#2 boxlight on 03.13.08 at 5:59 pm

Any advice for this senior seasoned enterprise developer who would love to find a capable energetic business/sales guy with an idea? Let me be Woz to your Jobs. boxlight _at_ gmail.com

#3 Rob on 03.13.08 at 6:03 pm

@boxlight – Nice.

Look for your local entrepreneur group. It’s crazy how many leads will get thrown at you once they hear you’re a developer looking for a startup. We are the minority.

#4 Noah on 03.13.08 at 6:53 pm

Would it be fair to say that Code and Marketing are necessary to succeed, and that if you have Money, you can use it to fill in where your team falls short?

#5 Dan on 03.13.08 at 9:56 pm

Thank you for mentioning that having a good idea does not count. As a developer entrepreneur I get pitched at least 2 or 3 good ideas a month, except that the person doing the pitching almost never has neither money or marketing experience.

Its relatively easy to figure out if someone has money, but how do you measure marketing experience? I don’t just look for people with sales background, because selling over the phone or one-on-one is way different than marketing online. You need to understand SEO, Copywriting, Affiliate Marketing, PPC, and much more. What I usually look for is someone who’s managed to actually marketed and sold something online… enough that they were able to quit their job and live comfortably on their online income — its not as rare as you’d think.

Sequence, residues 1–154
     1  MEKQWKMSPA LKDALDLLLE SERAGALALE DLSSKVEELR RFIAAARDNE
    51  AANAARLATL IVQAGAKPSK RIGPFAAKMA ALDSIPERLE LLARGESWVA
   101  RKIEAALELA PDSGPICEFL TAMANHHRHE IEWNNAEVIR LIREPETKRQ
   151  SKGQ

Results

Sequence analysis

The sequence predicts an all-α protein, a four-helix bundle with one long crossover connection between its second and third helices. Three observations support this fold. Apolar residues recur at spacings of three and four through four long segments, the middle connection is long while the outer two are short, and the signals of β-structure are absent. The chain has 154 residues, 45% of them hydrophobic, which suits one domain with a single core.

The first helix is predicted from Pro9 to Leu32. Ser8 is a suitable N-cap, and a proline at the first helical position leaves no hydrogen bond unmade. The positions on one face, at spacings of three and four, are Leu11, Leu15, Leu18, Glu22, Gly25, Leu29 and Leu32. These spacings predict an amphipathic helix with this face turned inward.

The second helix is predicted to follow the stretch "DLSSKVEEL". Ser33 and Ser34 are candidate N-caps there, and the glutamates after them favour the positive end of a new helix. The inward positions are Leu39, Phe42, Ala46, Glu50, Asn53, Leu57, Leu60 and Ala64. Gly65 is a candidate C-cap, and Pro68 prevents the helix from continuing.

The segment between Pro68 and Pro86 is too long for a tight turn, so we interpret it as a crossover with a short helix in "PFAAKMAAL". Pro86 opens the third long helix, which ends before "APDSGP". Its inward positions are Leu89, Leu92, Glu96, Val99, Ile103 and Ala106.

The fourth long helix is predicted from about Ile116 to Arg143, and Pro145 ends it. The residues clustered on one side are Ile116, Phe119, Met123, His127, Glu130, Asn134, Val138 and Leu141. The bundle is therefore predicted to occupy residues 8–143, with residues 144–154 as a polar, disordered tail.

Also I think its important to find someone who is a peer. If you’ve spend years honing your development skills, always striving to improve and produce excellent work — as I have — you want to find someone who’s does the same. You never want to feel like the “superstar” of the group.

#6 Paul on 03.14.08 at 11:40 am

Quote: “Show them you have done your research and are dedicated to the idea”

The “dedicated to the idea” part is without a doubt the most important line in this post. If the originator of this fabulous idea later decides they’re no longer interested after the developer has committed time, it sucks. Massively.

As a Developer, if I’m going to commit time to anyones project, I want to know they have made a significant investment, in either time invested marketing and building business relationships, or in cash. Otherwise, it is too easy to be left flapping in the breeze.

Boxlight – very interesting idea.

#7 Rob on 03.17.08 at 12:51 pm

@Noah – Definitely.

#8 Webmonk on 03.19.08 at 1:30 pm

Thanks… It was very informative

#9 Justin on 03.31.08 at 5:37 pm

You get right to the core of the issue here. Every founder needs to bring huge value to the project. When people without skills approach me with an “idea” that they want me to spend my precious time working on they get a harsh dish of reality served.

#10 Mircea on 05.10.08 at 5:55 pm

You’re right, Rob. In a team people needs to complete each other. I was lucky to find a partner with business skills and connections in the business world.
We both have several ideas what to do (and have several good domain names – which is inportant) and we will start soon.